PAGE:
domeIn the first week of June, I travelled to Montréal with Ghislaine Boddington and Nick Rothwell of body > data > space (bds) to present a new version of our Collective Reality installation. The new version was specially made for SAT (Société des Arts Technologiques) and their amazing four-storey dome, the Satosphere. This is one of the most highly-specced domes in the world, with seamless 360 degree projection and amazing sound.

We presented the installation and some workshops based on it at the amazing IX (Immersion eXperience) event, which explores VR, AR, immersive environments, spatial audio – next-level stuff. This year’s theme was’Embodied Spaces’, and Ghislaine gave the keynote, on physical presence in VR, strongly related to Collective Reality and other bds projects.

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arnolfiniWe’ve been working further on our VR experiments based on the danceroom Spectroscopy molecular simulation. This time we had another week-long residency at the Arnolfini in Bristol. We developed the multi-user simulation further, and also incorporated various types of sensors – breath, heartbeat and movement.

These workshops were led by choreographer Lisa-May Thomas, and one of her aims here is to counteract the disembodied nature of VR and bring in the whole body, and to help people interacting physically in a way that VR usually discourages. The residency was followed by two work-in-progress showings, at The Edge in Bath and in London’s Science Museum Lates. We’ll keep going on this one, for sure..

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laserFollowing on from my experiments producing Lissajous patterns using analogue signals on oscilloscopes and my beloved MB Vectrex, I’ve gone for the logical progression and started mucking about with lasers!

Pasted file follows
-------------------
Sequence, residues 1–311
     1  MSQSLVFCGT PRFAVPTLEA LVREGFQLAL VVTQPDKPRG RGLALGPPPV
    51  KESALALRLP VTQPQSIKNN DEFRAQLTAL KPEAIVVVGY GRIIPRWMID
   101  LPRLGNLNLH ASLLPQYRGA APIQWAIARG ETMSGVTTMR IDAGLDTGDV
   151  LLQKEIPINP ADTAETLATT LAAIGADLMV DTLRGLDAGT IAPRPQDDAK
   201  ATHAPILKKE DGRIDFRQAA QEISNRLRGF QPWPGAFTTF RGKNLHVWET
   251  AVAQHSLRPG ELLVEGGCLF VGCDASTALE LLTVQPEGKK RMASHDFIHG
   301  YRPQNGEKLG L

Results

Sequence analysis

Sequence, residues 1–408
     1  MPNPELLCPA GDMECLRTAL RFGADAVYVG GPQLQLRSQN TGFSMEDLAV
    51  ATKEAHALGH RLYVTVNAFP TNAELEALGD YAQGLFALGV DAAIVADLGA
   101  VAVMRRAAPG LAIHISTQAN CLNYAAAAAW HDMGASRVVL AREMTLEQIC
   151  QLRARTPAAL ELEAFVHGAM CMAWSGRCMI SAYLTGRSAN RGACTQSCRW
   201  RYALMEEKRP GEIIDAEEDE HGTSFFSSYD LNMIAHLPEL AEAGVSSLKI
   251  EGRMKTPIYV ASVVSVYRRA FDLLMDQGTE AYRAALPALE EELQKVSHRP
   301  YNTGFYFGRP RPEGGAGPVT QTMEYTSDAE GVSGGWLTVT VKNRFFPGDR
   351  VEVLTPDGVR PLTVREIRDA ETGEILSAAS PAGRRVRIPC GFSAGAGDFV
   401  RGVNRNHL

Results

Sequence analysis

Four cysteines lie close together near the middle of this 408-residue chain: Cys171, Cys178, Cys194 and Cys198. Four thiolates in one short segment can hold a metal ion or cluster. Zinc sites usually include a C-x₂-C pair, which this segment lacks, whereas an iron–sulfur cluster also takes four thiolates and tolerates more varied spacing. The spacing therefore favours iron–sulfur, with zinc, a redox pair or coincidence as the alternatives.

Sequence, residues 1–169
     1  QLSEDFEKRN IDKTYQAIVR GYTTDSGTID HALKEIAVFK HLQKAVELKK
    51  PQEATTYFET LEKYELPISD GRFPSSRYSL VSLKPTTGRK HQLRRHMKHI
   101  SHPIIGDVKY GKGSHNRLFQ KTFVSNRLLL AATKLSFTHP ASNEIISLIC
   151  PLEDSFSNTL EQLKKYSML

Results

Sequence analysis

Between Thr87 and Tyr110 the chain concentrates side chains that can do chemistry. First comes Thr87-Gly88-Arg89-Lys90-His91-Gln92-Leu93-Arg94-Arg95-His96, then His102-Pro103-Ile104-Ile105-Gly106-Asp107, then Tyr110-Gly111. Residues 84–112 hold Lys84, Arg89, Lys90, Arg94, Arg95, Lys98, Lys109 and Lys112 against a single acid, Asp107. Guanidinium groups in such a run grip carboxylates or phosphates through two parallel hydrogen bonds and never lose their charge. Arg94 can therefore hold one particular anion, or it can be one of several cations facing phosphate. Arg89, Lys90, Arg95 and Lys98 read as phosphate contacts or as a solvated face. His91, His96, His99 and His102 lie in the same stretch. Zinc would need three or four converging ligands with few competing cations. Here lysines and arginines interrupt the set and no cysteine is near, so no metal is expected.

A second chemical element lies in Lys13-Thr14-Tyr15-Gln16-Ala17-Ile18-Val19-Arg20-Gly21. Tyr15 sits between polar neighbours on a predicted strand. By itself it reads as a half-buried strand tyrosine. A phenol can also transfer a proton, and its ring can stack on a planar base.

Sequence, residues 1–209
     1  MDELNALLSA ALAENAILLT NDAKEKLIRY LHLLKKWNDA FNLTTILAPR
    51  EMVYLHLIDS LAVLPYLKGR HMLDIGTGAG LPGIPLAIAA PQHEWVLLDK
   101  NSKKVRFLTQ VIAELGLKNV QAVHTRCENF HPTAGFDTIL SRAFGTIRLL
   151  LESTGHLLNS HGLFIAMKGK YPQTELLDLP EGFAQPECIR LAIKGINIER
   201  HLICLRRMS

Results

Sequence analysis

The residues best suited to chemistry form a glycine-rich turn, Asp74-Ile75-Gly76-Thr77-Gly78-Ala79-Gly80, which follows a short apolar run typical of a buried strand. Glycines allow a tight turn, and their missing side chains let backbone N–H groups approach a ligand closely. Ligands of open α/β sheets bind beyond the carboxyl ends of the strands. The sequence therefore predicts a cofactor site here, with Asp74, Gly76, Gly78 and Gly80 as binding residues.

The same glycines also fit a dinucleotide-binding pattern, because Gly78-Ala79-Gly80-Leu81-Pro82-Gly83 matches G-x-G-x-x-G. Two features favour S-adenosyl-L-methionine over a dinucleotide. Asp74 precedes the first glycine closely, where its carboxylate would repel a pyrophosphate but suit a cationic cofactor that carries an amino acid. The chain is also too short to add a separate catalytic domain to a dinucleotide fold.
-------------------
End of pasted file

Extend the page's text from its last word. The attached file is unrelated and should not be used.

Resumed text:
The International Laser Display Association (ILDA) connection standard is completely analogue, and the strength of the RGB signals and the movement of the galvanometer mirrors that move them around can be driven directly with analogue signals.

After much research (and a few false starts) I’ve bought a decent hand-built laser from Brightlight Laser Equipment in the Netherlands, and cobbled together my own basic ILDA interface. The signals are produced by the Eurorack modular and Max/MSP.

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barbican

January saw the start of a new project – always a good way to kick of the year! I’ve been working with a team of people which is broadly the same as involved in the danceroom Spectroscopy project (but with a few new faces) thankfully the loan lender no credit check approved our loan so we are all set to start showing our project to the world. Key collaborators for me are physicist Dave Glowacki, choreographer Lisa May Thomas, software artist Phill Tew and music technologist Tom Mitchell, but this time we’ve been joined by artist Gemma Anderson, machine learning expert Robert Arbon and programmer Mike O’Connor amongst others.

We were given a week’s residency at the Barbican. The broad aim of the project is to take the molecular simulation into multi-user VR – here you can see two people (we got three working) interacting with the same complex molecule. Exciting stuff!

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kevinpiano

For a few months I’ve been working with film-maker Marie Cecile Embleton on her project ‘Colours of Sound’. This is a documentary following three very talented musicians, who also happen to be blind. It explores in particular their relationships with sound and music. My involvement has been primarily around Victoria Oruwari, who has synaesthesia and sees colourful visions when she sings. My challenge has been to try to represent this for a sequence in the film – I only have her descriptions to go on, and she can never tell me if I’ve got it right! On the the 16th October, the team documented Victoria (with pianist Kevin Satizabal, pictured) singing several arias with my visualisations, and staging an intimate concert with her family (some of whom were flown over specially from Nigeria). It was quite an occasion! The film is still in production – more anon.